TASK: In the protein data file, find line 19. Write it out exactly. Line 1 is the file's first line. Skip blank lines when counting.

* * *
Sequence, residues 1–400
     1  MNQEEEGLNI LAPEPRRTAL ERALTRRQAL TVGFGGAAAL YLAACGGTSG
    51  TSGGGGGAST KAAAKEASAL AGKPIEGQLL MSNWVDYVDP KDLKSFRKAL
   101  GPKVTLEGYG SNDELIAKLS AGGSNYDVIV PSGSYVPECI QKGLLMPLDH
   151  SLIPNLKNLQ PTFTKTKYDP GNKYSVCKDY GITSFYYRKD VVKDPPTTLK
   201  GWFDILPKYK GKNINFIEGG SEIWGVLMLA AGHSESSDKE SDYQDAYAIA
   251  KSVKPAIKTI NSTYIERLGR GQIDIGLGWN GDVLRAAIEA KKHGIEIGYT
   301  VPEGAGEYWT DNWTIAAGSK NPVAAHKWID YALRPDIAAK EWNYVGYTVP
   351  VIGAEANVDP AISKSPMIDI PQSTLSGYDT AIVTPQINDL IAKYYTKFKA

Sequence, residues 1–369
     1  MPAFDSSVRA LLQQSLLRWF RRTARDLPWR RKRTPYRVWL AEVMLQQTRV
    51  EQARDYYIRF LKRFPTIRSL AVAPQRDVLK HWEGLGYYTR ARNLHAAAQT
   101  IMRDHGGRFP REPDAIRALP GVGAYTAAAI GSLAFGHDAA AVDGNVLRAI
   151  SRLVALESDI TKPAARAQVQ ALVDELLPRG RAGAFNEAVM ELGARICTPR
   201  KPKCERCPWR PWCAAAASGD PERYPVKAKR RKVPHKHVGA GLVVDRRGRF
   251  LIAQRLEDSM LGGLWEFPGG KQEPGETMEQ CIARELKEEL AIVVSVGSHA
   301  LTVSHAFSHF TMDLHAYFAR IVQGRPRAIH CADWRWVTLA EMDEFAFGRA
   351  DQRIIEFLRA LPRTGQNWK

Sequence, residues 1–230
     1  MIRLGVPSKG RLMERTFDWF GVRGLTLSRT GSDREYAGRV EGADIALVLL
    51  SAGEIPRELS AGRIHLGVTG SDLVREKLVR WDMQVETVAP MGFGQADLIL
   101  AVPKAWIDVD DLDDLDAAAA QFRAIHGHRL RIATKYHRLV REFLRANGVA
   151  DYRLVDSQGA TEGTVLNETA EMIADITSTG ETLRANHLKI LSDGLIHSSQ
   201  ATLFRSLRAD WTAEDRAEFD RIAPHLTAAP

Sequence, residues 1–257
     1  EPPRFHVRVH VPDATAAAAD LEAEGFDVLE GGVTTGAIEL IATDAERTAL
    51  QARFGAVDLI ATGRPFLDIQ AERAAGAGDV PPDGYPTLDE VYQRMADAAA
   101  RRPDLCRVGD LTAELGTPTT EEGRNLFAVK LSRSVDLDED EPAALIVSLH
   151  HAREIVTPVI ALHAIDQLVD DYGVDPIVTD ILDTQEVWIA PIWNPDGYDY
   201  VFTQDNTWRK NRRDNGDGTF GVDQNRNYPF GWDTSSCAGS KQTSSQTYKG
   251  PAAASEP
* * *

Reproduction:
Sequence, residues 1–230